"All the Necrotects see now is purity besmirched. With a whipcrack they strive once more for perfection."
The Necrotects of Nehekhara.[2]
Necrotect 8th Edition Colour Illustration

A mighty Necrotect summoning his war machines.

Necrotects were the artisans of ancient Nehekhara. They were not common labourers, but architects of extraordinary skill whose ambitions far outpaced what could be achieved in a mortal lifespan. In death, the Necrotects have lost none of their frenetic drive. They are filled with a compulsive need to pull down the inferior, vulgar cities of their enemies and supplant them with vast monuments of their own design.[1a]


The skills of a Necrotect were in high demand, for every king needed monuments to pronounce his majesty and a vast tomb to house his mortal remains upon his death. Indeed, Necrotects were so valued that, upon completing their work, they were rewarded with a ritual execution followed by an elaborate embalming ceremony. Many Necrotects were entombed within the same pyramids they had built, buried with the tools of their trade and an intricately carved death mask made by their own hands. The reasoning behind their sacrifice was twofold. Firstly, the king would need artisans to fashion palaces of gold in the next life. Secondly, it ensured that no rival kings could hire their services to commission a more elaborate tomb for themselves. Many Necrotects went to their graves willingly, perhaps for the honour of their beloved king, or because they were unable to live knowing that nothing they created would ever surpass their lord's tomb. Other Necrotects, particularly those whose creative desires still burned strongly, tended to meet with unfortunate accidents such as falling through rotten scaffolding, tripping on slippery stairwells, or drinking poisoned wine.[1a]

Necrotects were stern taskmasters who oversaw tens of thousands of Nehekharans as they toiled under the blazing sun. Under their gaze, an army of masons carved huge slabs of rock out of cliff faces before vast columns of slaves dragged the stones across the desert and hauled them into position. All Necrotects were foul tempered, and they would dispense summary punishment at the slightest provocation. They hated anything and anyone that threatened their art. In death, much of their work lies broken or damaged by the greed of tomb robbers and invading armies. Necrotects have been driven to a blinding rage by the wanton desecration of their beloved masterpieces, and they have sworn to have revenge. In battle, Necrotects lead the Tomb King's regiments like the work gangs of old. They exude the same aura of hatred they possessed in life, and their mere presence instils a magical state of fury in the Undead warriors of Nehekhara. Necrotects no longer need to extort their followers to work faster, and they reserve the lash for those who would defile their art instead, attacking these ignorant wretches with the crack of a whip strong enough to split open backs and leave spines exposed to the elements.[1a]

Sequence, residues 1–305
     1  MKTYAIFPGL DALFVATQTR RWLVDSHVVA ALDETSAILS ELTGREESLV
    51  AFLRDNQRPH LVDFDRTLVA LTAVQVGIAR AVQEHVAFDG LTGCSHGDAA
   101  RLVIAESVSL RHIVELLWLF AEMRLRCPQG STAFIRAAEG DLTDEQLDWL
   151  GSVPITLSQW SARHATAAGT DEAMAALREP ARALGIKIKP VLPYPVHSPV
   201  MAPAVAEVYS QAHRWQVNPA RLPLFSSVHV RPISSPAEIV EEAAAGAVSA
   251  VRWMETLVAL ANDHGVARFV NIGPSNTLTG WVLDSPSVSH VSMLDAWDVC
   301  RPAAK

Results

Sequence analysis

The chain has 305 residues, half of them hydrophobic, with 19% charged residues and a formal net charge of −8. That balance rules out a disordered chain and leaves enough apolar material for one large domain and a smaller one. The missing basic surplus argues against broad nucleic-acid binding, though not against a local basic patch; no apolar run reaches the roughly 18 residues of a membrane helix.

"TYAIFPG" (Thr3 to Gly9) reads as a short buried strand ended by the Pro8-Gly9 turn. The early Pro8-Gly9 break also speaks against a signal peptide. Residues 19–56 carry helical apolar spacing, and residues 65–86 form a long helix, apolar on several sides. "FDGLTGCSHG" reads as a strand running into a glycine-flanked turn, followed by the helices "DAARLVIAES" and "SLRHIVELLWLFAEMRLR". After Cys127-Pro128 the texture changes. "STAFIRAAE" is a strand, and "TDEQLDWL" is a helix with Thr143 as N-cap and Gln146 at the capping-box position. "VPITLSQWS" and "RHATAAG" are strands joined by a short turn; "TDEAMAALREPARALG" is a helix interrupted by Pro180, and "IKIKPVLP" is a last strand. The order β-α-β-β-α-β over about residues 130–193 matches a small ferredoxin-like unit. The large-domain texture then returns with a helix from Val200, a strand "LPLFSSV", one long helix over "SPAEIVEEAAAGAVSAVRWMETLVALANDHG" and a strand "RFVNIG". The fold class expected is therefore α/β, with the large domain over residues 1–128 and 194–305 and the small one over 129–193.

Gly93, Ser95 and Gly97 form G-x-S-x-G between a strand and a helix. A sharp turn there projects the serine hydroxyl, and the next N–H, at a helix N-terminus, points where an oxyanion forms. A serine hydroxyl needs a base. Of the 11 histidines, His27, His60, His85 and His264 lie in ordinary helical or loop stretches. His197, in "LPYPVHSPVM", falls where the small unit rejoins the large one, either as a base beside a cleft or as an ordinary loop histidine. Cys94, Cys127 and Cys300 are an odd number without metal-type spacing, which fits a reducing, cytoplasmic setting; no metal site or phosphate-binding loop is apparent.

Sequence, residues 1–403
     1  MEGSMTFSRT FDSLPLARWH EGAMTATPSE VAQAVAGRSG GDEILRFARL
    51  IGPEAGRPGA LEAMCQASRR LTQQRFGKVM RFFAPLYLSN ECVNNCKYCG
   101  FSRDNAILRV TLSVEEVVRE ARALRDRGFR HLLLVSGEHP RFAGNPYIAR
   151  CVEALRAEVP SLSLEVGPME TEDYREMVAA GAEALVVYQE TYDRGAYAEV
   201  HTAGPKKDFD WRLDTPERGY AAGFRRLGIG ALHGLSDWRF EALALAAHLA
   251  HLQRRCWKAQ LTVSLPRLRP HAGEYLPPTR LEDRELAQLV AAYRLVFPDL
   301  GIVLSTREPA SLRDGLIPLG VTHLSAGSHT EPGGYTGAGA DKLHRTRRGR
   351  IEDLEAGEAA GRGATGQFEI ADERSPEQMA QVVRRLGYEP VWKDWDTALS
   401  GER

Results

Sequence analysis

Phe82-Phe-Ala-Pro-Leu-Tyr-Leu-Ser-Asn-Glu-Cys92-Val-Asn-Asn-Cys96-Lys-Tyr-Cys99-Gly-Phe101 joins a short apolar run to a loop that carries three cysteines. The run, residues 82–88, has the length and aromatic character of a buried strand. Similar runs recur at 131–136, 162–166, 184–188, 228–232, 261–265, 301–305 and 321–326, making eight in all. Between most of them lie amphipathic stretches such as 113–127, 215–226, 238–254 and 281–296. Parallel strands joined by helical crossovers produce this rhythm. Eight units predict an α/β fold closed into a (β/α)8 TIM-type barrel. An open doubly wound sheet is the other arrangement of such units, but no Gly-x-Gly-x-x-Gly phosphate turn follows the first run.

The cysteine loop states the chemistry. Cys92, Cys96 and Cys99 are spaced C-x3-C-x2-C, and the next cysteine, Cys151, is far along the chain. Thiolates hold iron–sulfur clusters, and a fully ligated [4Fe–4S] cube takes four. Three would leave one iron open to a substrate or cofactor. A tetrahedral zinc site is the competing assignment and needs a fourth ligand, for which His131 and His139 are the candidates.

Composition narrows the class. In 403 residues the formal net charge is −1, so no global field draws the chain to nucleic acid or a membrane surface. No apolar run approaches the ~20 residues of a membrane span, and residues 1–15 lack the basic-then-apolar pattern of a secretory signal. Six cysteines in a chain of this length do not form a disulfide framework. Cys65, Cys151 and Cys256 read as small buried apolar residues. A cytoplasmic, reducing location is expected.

Necrotects saw to the fine details of construction personally, for only they possessed the skills necessary to carve the likeness of the gods into their sculptures and engrave intricate hieroglyphs onto their surfaces. These were not merely ornamental, for the Necrotects were schooled by the Liche Priests in the ways of crafting potent symbols of preservation. Necrotects may not know the full range of the Liche Priests' incantations, but they could inscribe powerful wards nonetheless. In unlife, Necrotects constantly repair their work, for many hieroglyphs have faded through the passage of time. When a Tomb King awakens, the Necrotects redouble their efforts as they attempt to finish their work. They tirelessly restore the great war-statues that stride to battle alongside the Tomb King's skeletal legions, renewing the hieroglyphs of protection. In battle, as Necrotects chant sinister mantras, these inscriptions glow, and the cracked stone of these animated statues flows to repair itself.[1a]



  • 8th Edition.


  • 1: Warhammer Armies: Tomb Kings (8th Edition)
    • 1a: pg. 33
  • 2: Total War: Warhammer II

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